Windrush and Wales

Uzo Iwobi reflects on the contribution the Windrush generation has made to Wales

With a promise of a new life in the ‘Motherland’ and suitcases packed, 492 West Indian passengers left Jamaica and arrived into Tilbury Docks, London on the SS Empire Windrush. Their hearts were full of hopes and dreams, anticipating a country of opportunity and ambition. Some reports say there were over a thousand passengers, others mention many stowaways. However, it must be noted that at this time on 22nd   June 1948, immigration laws were not as they are today.


In fact, the passengers of the Empire Windrush had been enticed, encouraged and coaxed into moving to the UK to assist in bridging the labour gap in a post-war drive to replenish the workers whose lives had sadly been lost. Britain had a severe shortage of people and these passengers were helping the government and would be the ones to improve the UK economy again. They were granted British Citizenship as part of the newly passed British Nationality Act 1948.


Many only planned to stay a few years, and some returned back to the sunshine and away from the disappointing grey skies and wet weather. The UK did not meet their high expectations, not only because of a housing shortage and recovery from the war, but because of the severe torrent of racism and discrimination that the Windrush passengers faced. Despite these hardships, many did stay and ploughed on through with resilience and determination and are still here today.


We are now almost 70 years on and the Windrush generation have been subject to the UK  Government’s ‘hostile environment’ which was designed to target illegal immigrants. Many of the Windrush generation have become wrongfully entangled in this debacle, some sadly have been detained and treated as criminals and others have been wrongfully deported.


British Politician David Lammy MP delivered what has been lauded one of the most impactful speeches of our time on the Windrush issue at a Parliamentary session. He blamed Prime Minister Theresa May’s policies for this horrific treatment.


“When my parents and their generation arrived in this country under the Nationality Act of 1948, they arrived here as British Citizens. It is inhumane and cruel for so many of that Windrush generation to have suffered for so long in this condition…This is a day of national shame”.


Following on from the backlash against Prime Minister Theresa May and Amber Rudd’s resignation, the UK Government appointed a new Home Secretary Sajid Javid.


However, this change of personnel did nothing to diminish the threat of deportation still encrypted onto the minds of those who are potentially at risk of being on the receiving end of the ‘hostile treatment’.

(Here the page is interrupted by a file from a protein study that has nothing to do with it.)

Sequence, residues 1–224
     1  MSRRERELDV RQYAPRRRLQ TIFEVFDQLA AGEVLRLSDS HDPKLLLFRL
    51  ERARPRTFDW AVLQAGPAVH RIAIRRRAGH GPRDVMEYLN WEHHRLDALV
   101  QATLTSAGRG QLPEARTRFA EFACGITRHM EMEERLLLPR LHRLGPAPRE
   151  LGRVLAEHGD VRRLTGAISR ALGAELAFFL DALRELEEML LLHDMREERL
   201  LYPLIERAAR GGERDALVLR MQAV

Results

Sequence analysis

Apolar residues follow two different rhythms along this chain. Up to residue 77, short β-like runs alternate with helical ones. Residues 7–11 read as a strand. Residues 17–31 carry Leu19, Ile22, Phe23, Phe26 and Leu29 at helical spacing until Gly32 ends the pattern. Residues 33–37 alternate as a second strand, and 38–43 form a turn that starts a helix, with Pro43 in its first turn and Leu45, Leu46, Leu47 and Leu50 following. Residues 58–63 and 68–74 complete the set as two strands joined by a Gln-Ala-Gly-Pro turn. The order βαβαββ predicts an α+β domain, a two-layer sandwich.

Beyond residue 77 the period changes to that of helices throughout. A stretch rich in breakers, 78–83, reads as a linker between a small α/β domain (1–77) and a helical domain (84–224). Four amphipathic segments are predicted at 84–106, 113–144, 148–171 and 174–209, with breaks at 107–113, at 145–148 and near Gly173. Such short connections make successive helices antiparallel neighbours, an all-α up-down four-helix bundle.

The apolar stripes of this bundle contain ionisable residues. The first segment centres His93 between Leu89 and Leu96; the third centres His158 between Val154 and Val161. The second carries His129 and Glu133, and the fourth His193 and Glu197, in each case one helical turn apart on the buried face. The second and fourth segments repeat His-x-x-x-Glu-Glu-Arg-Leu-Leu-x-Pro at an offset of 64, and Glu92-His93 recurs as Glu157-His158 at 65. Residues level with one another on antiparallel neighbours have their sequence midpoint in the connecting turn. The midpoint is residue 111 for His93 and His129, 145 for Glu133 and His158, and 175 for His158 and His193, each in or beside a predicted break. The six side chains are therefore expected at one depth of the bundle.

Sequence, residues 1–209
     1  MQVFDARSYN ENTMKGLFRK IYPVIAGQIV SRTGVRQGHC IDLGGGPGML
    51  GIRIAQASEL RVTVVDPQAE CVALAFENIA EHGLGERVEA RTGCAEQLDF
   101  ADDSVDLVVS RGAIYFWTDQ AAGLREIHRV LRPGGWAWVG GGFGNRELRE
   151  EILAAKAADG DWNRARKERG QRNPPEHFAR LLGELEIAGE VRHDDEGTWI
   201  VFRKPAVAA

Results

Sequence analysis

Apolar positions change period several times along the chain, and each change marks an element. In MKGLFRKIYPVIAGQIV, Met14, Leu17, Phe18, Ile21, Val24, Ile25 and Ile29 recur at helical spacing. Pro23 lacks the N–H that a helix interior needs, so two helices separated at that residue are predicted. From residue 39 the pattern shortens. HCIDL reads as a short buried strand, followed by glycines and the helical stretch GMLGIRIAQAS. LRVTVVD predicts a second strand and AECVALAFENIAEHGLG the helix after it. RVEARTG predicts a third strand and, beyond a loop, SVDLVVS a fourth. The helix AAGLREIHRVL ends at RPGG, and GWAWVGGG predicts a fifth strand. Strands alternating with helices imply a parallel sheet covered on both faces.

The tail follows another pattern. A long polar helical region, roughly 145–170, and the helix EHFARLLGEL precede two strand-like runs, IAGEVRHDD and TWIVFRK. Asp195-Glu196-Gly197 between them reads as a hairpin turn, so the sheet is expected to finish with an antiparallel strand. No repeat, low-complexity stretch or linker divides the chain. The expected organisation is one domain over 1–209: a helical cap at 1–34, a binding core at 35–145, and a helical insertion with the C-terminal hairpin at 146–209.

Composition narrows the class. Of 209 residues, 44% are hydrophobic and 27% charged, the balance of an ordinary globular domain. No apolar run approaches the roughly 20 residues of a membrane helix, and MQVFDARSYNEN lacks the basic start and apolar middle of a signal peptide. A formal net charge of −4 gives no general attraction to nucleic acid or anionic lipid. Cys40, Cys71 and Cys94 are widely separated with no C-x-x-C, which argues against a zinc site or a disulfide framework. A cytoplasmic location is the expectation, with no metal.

We are working with Welsh Government, Unison Cymru and other third sector groups across Wales to create positivity. At the Senedd on 22nd June we held a celebration to mark the contribution of the Windrush generation. For without them,  Britain truly would have suffered in its post-war era of labour shortages. Our economy would have taken a nosedive and would have been unable to recover without these skilled workers.


Let us also be thankful to the first wave of immigrants for creating the first large scale multicultural society, which allowed Britain – and indeed Wales – to become a vibrantly diverse place to live. These arrivals enabled Welsh society to become culturally inclusive, with food, music, fashion and art paving the way for community cohesion and inclusion.


It is important that the people of Wales continue to show ethnic minority communities that Britain and Wales are willing to respect diversity and people from diverse ethnic backgrounds who serve and invest in Wales. Through the Equality Act of 2010 and the Future Generations Act, the peoples of Wales must ensure that they promote good race relations between people and continue to send out messages that Wales is a warm and welcoming nation.


The media must be careful when reporting matters that could potentially lead to acts of hatred towards migrants. They must be balanced in also reporting initiatives that celebrate diversity and the contributions of migrants to Wales, and not only magnify negative issues.


Here in Wales, communities must make a concerted effort to ensure that we do not support ‘hostile treatment’ and that we truly embrace our diverse communities.


Change must start from leaders in Welsh Government, and include frontline staff, public, private and third sector bodies as well as community members themselves.


As an African proverb says:


“If you want to go fast, go alone; but if you want to go far, go together”


In order for Wales as a nation to go far, it must embrace all its citizens and honour and applaud those unsung citizens who arrived in Wales on the SS Empire Windrush ship.


All articles published on Click on Wales are subject to IWA’s disclaimer.

Uzo Iwobi is CEO of Race Council Cymru

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